Officials: Silverton seizure about safety |

Officials: Silverton seizure about safety

Joe HanelDurango Herald Denver correspondent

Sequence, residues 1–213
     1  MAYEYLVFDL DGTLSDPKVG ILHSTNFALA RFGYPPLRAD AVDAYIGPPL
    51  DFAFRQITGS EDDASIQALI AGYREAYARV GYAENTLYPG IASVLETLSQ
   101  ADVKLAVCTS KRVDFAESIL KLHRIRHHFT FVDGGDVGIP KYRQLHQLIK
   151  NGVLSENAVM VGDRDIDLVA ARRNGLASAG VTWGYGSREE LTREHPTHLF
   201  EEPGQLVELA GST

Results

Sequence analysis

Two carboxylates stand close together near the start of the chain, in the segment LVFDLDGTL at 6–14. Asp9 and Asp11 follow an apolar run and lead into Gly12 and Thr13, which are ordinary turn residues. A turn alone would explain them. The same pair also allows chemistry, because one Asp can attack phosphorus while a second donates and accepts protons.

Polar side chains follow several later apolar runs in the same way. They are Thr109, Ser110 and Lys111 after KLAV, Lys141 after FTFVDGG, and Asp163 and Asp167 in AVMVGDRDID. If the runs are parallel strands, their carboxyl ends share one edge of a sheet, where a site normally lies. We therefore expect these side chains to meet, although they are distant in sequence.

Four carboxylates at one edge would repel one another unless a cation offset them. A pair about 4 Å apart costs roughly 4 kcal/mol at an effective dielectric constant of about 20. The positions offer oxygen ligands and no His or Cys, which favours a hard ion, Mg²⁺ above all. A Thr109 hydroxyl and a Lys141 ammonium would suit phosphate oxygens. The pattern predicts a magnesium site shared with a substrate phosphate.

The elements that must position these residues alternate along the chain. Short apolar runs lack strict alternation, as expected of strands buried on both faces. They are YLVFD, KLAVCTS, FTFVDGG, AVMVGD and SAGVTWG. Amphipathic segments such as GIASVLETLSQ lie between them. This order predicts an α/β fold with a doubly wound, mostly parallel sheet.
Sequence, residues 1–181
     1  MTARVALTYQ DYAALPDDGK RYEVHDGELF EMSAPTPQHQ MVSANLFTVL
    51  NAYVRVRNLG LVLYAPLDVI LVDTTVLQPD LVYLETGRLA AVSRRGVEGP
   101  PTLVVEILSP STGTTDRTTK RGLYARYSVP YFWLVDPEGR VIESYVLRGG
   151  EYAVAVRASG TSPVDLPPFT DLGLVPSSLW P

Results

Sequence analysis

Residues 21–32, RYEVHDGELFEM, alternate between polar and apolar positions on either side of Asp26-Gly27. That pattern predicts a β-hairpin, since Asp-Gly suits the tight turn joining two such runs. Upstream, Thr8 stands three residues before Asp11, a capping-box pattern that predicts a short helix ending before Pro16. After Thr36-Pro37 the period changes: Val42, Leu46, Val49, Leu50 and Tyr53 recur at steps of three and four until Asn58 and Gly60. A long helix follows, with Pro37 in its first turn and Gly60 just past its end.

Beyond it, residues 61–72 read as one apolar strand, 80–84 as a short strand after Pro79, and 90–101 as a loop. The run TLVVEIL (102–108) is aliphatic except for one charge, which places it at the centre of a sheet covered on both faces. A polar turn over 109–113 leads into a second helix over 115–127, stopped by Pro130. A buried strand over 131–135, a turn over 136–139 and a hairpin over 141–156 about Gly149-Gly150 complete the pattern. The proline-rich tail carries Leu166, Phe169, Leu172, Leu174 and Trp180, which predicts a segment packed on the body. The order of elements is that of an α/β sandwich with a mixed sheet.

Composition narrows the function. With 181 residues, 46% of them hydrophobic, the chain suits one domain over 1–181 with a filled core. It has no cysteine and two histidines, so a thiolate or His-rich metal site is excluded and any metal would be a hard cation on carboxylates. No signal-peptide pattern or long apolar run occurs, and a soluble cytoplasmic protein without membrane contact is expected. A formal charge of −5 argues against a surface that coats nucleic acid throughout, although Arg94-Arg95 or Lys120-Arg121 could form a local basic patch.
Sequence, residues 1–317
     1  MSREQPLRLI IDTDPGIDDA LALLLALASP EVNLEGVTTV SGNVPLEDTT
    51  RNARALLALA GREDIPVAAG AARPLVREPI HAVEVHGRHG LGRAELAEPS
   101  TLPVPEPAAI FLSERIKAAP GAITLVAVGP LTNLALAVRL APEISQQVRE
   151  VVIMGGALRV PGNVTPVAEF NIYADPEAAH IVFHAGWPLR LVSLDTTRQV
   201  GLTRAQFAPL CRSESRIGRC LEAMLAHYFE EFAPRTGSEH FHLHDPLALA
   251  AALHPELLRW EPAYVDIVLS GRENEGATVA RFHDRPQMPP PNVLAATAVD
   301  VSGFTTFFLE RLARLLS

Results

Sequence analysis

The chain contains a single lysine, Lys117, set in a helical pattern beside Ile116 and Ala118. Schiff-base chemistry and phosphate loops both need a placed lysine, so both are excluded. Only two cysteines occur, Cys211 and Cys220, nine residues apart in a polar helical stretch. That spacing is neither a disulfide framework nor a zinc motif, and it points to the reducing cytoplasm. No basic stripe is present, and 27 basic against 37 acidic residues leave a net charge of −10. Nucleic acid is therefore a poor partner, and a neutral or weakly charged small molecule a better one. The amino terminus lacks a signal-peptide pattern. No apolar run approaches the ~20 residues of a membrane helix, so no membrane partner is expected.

San Juan County’s first attempt to take a resident’s land has echoes of a U.S. Supreme Court ruling that set off protests by property-rights advocates and elected officials nationwide.Aspen businessman Jim Jackson says the county’s seizure of his land will primarily benefit the private Silverton Mountain Ski Area. The Supreme Court ruled in June that New London, Conn., could seize people’s homes to make way for a private development, which city leaders said would be good for the economy.That ruling spurred immediate calls by state legislators and members of Congress to change laws to prevent eminent domain seizures.But San Juan County officials say they are taking the land for avalanche control – not to aid the promising new ski area just outside Silverton that is boosting the town’s historically depressed winter economy.”I just don’t understand the argument that just because somebody’s paying to ski, you shouldn’t make the road safe for them,” said San Juan County Administrator Willy Tookey.Snowmobilers, snowshoers and others use the road in the winter, in addition to Silverton Mountain skiers. The county needs to make the road safe for everyone, he said.”We’re not pursuing this on an economic-development basis,” Tookey said.And lawyers for the Colorado Legislature say condemnation is not illegal even though a private party stands to benefit.Under eminent-domain proceedings, a municipality can force a property to be sold as long as the owner receives just compensation.San Juan County commissioners officially served notice to Jackson on Aug. 26 that they are condemning his land in order to do avalanche control on county roads 110 and 52.The dispute dates to 1999, when Jackson and Aaron Brill had competing plans for ski resorts in the area. Brill’s was the only plan to take off, opening on a limited basis in the winter of 2000-01. His Silverton Mountain charges expert skiers from $99 to $129 a day for guided skiing on the mountain.Jackson filed a lawsuit against Brill last December, claiming skiers at Brill’s resort trespass on Jackson’s land and that Brill’s employees trespass when they’re doing avalanche control.Jackson’s lawyer, Thomas Johnson, said the ski area will be the big winner if the county gets its way.”The most egregious instances of trespass have occurred for the purpose of recreational skiing, not for avalanche control,” Johnson wrote in an argument for the district court in San Juan County.Even so, the Supreme Court case – Kelo v. New London – will not apply to the Silverton dispute, Johnson said.”In Kelo, there was a Connecticut statute that specifically provided for eminent domain for economic development. In Colorado, there is no such statute,” he said from his Denver office.Jackson can fight the condemnation in District Court in Silverton. His lawyer advised him not to talk to reporters while the case is ongoing.Jackson and his lawyer “intend to aggressively defend any condemnation action, on the grounds that there exists no ‘public use’ for [his] property,” Johnson wrote in a court filing.For the ‘public good’?But state courts have used a broad definition of “public use,” according to a memo the state Legislature’s lawyers prepared on eminent domain.State Rep. Mark Larson, R-Cortez, who has been watching the Kelo case, said the key for Silverton is that the county is not condemning Jackson’s property to sell it to private industry.”They’re doing it for the public good, which is pretty much the traditional use of condemnation,” he said.Tookey, the San Juan County administrator, agrees that the Kelo case won’t make much difference in Silverton.”The fact that this [case] came out didn’t hurt us any, but it has minimal impact on what we’re trying to do,” he said.The county plans to keep control of the condemned land, or maybe swap it with the Bureau of Land Management sometime in the future, Tookey said.”The plans are to keep this open for public use and recreation,” he said.Skiers at Brill’s resort would most likely be allowed to use the condemned land, Tookey said.Brill disputed the argument that the condemnation will mainly serve his own interests.”That’s just not true,” he said. “There are a lot of people who use the roadways up here. There’s a high-voltage power line up here. There are several homes. There’s a mine. It’s simply not the case that it’s just for us.”The county has contracted with Brill and the Colorado Department of Transportation to do avalanche control on the road since 2003, when CDOT turned control of the road over to the county, Tookey said.Colorado probably won’t have to change any laws in response to the Kelo ruling, lawyers at the state Legislature said last week.The nonpartisan Office of Legislative Legal Services put out a memo in response to questions from lawmakers who wondered if Colorado needed new laws in the wake of the Kelo case. The memo wasn’t related to the Silverton dispute.”The Colorado Constitution arguably provides more protection for private property owners than the federal Constitution,” according to the memo.Colorado has an extra layer of protection because judges have the power to rule that a condemnation wasn’t primarily for public use. The federal Constitution doesn’t explicitly spell out court approval.However, the fact that a private party, such as Silverton Mountain Ski Area, might also benefit from a condemnation doesn’t make it illegal, as long as some public purpose is being served.Colorado’s existing law is good enough for Larson.”I don’t think we need to do anything legislatively,” he said.This article is reprinted with permission from The Durango Herald.

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